they are intended. Read the package directions to ensure that the temperature the sensor
will reach is consistent with the safe temperatures listed in this publication. The sensors
are made from special temperature-sensitive materials. The sensor is inserted into a food.
When the food reaches the proper temperature, the sensor changes color. They are designed to
be used only once. However, if the desired temperature has not been reached, they can be
reinserted until the temperature is reached. These sensors cannot be left in a food while it
cooking. They should be used near the end of the estimated cooking time. To prevent
overcooking, check the temperature before the food is expected to finish cooking. Disposable
temperature indicators are made from materials approved by the FDA for contact with food
Commonly used in turkeys and roasting chickens since 1965, the "pop-up" temperature
device is constructed from a food-approved nylon. The inside contains a stainless steel
spring and firing material. The firing material is made of an organic salt compound or an
alloy of metals commonly used in other thermo-sensing devices. The tip of the stem is
imbedded in the firing material until it melts, releasing the stem, which is then "popped
up" by means of the spring. This indicates that the food has reached the final temperature
for safety and doneness. Pop-up timers are reliable within 1 to 2 °F if accurately placed in
a food; however, checking the temperature of other parts of the food with a conventional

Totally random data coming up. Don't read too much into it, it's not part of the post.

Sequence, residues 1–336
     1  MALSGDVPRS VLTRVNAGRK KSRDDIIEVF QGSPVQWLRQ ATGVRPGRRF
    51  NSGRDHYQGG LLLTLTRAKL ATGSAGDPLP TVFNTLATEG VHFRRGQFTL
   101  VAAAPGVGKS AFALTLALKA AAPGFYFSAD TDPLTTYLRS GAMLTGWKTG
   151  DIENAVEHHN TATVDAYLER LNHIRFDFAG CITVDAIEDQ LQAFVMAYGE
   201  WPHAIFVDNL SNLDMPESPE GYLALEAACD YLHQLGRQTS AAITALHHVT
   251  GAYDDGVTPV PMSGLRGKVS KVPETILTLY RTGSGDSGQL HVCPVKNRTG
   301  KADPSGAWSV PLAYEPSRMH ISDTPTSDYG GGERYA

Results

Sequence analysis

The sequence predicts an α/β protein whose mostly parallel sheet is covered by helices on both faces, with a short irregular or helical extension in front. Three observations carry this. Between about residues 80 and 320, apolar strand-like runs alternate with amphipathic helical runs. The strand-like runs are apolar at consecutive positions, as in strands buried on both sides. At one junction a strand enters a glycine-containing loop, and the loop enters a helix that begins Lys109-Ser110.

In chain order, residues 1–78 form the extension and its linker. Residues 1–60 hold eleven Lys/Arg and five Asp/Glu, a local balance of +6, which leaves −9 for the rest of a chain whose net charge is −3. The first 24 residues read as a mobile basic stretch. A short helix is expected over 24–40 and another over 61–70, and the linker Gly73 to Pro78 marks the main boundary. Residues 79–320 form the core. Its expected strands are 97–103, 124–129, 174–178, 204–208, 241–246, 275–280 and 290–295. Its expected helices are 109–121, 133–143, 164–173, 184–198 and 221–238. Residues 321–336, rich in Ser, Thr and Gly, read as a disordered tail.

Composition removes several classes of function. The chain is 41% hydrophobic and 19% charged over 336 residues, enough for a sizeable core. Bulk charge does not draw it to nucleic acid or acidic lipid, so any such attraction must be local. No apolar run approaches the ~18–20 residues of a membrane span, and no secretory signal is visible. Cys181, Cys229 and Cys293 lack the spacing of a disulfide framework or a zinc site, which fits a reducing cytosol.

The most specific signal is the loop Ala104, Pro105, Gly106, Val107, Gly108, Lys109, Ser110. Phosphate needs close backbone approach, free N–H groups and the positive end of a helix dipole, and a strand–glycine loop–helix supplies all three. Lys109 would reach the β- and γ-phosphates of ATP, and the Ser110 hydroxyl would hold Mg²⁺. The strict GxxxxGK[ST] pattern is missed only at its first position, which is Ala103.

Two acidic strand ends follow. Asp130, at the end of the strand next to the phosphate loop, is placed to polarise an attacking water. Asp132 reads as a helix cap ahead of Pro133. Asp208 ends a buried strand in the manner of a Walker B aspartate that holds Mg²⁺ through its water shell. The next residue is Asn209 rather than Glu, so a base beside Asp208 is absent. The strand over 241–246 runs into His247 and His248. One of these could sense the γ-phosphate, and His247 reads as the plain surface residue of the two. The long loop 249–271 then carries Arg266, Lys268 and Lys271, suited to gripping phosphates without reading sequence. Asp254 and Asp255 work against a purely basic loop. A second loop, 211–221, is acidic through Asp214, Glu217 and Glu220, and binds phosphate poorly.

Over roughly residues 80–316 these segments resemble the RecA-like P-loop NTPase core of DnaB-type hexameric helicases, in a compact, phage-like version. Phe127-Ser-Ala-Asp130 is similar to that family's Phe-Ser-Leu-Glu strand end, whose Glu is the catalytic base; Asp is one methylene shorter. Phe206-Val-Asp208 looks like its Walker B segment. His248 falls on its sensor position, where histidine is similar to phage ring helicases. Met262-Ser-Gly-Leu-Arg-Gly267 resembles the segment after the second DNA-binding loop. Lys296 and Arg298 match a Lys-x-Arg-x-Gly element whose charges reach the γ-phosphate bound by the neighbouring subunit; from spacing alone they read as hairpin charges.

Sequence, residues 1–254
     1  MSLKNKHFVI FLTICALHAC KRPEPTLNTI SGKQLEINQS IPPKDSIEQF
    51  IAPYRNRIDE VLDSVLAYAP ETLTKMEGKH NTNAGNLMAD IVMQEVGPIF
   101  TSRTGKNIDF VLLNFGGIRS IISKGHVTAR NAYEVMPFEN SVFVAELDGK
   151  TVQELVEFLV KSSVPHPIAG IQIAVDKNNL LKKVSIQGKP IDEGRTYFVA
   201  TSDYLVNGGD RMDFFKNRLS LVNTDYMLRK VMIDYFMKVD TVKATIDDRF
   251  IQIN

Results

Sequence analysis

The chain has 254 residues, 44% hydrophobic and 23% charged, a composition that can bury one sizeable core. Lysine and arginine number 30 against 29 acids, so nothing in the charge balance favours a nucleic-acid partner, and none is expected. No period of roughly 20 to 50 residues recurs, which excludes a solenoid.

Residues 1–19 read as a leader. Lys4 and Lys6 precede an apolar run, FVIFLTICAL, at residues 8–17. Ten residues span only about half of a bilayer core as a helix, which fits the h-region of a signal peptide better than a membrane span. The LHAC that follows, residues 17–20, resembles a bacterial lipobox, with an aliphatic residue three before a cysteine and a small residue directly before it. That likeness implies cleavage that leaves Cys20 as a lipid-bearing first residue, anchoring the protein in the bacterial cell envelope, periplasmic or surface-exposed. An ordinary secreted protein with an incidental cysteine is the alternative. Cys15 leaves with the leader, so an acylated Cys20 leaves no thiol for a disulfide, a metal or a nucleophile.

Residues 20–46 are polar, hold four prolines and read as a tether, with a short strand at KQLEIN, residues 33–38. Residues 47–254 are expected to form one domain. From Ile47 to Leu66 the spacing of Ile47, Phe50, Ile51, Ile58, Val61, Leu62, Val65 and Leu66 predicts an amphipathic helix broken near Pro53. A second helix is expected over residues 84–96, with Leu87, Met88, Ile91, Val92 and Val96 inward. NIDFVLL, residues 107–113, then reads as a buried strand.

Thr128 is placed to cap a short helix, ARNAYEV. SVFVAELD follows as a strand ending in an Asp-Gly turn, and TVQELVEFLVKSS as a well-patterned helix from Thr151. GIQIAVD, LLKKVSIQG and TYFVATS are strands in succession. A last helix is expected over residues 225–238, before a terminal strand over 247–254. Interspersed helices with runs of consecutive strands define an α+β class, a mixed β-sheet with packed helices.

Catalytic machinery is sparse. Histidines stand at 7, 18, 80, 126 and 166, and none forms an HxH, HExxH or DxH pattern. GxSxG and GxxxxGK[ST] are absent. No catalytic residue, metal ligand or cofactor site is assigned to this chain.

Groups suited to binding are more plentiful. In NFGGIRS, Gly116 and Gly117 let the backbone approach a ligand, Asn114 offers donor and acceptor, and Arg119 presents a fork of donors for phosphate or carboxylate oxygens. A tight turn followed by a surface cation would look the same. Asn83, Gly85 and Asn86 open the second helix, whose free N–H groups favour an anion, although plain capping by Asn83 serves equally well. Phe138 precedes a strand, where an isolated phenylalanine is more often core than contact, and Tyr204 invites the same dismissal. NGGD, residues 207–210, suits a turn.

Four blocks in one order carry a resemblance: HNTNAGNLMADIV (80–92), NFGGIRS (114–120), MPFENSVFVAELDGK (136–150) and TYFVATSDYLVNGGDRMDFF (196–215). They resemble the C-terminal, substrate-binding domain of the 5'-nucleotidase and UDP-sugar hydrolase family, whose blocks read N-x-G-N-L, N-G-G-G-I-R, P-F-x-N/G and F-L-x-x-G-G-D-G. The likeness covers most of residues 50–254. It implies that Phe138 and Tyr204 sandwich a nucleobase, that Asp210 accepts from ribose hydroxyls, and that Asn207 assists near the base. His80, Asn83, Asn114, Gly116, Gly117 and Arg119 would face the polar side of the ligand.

food thermometer is recommended.
Also called "spirit-filled" or "liquid in glass" thermometers, these thermometers are the
oldest kind of food thermometer used in home kitchens. They have either metal or glass
stems. As the internal temperature of the food increases, the colored liquid inside the stem
expands and rises to indicate the temperature on a scale. Heat conduction in the metal stems
can cause false high readings. They are designed to remain in the food while it is cooking.
They should be inserted at least 2 inches deep in the thickest part of the food, and are,
therefore, not appropriate for thin foods. Some liquid-filled thermometers can be calibrated
by carefully moving the glass stem within the holder.
/ jelly deep-fry thermometers..
These thermometers will measure temperatures ranging from 100 to 400 °F. They are used to
measure the extra-high temperatures required of candy and jelly making, as well as frying
with hot oil.
For safety, it is important to verify the temperature of refrigerators and freezers.
Refrigerators should maintain a temperature no higher than 40 °F. Frozen food will hold its
top quality for the longest possible time when the freezer maintains 0 °F. An appliance
thermometer can be kept in the refrigerator and freezer to monitor the temperature. This can
be critical in the event of a power outage. When the power goes back on, if the refrigerator
is 40 °F or colder, and the freezer is still colder than 40 °F, the food is safe. These
bimetallic-coil thermometers are specially designed to provide accuracy at cold
Asian Melting Pot